A highly conserved cytoplasmic cysteine residue in the α4 nicotinic acetylcholine receptor is palmitoylated and regulates protein expression.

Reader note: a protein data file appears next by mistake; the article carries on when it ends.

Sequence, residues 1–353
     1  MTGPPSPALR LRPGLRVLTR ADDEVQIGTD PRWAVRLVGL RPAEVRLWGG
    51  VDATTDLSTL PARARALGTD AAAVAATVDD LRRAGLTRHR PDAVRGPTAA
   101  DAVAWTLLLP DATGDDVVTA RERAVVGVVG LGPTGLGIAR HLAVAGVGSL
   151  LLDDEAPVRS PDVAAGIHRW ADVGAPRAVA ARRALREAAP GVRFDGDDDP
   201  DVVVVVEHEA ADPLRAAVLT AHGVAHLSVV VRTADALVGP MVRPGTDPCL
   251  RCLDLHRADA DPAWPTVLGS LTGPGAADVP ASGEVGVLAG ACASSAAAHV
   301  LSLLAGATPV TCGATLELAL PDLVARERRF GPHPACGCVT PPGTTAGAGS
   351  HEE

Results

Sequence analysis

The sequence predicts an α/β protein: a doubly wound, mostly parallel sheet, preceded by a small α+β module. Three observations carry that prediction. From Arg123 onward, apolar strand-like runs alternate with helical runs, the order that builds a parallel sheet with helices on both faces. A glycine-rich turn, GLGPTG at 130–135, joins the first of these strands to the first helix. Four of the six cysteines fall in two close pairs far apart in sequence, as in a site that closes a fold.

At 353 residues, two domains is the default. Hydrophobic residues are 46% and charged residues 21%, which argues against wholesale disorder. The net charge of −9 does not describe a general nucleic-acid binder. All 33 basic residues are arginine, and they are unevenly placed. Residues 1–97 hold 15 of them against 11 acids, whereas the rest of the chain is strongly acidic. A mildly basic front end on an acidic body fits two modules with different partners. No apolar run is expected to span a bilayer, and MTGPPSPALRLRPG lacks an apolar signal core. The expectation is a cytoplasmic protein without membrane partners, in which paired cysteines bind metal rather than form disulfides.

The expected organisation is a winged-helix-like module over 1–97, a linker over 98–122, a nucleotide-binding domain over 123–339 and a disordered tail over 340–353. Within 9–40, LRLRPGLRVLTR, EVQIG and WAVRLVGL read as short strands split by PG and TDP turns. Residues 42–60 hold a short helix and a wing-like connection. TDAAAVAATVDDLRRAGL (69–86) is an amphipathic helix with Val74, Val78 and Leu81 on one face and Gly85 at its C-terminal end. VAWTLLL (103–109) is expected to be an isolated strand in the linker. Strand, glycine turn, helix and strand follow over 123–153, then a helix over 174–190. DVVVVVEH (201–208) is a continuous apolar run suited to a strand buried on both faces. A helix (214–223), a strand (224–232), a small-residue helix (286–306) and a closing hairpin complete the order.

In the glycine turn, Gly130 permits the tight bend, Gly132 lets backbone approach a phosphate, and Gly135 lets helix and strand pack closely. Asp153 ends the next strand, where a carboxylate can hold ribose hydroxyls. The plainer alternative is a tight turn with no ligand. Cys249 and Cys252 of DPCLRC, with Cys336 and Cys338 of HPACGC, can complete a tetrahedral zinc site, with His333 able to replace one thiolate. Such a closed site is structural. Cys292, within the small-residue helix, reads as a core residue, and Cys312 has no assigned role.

ABSTRACT Nicotinic acetylcholine receptor (nAChR) cell surface expression levels are modulated during nicotine dependence and multiple disorders of the nervous system, but the mechanisms underlying nAChR trafficking remain unclear. To determine the role of cysteine residues, including their palmitoylation, on neuronal α4 nAChR subunit maturation and cell surface trafficking, the cysteines in the two intracellular regions of the receptor were replaced with serines using site-directed mutagenesis. Palmitoylation is a post-translational modification that regulates membrane receptor trafficking and function. Metabolic labeling with [(3)H]palmitate determined that the cysteine in the cytoplasmic loop between transmembrane domains 1 and 2 (M1-M2) is palmitoylated. When this cysteine is mutated to a serine, producing a depalmitoylated α4 nAChR, total protein expression decreases, but surface expression increases compared with wild-type α4 levels, as determined by Western blotting and enzyme-linked immunoassays, respectively. The cysteines in the M3-M4 cytoplasmic loop do not appear to be palmitoylated, but replacing all of the cysteines in the loop with serines increases total and cell surface expression. When all of the intracellular cysteines in both loops are mutated to serines, there is no change in total expression, but there is an increase in surface expression. Calcium accumulation assays and high affinity binding for [(3)H]epibatidine determined that all mutants retain functional activity. Thus, our results identify a novel palmitoylation site on cysteine 273 in the M1-M2 loop of the α4 nAChR and determine that cysteines in both intracellular loops are regulatory factors in total and cell surface protein expression of the α4β2 nAChR.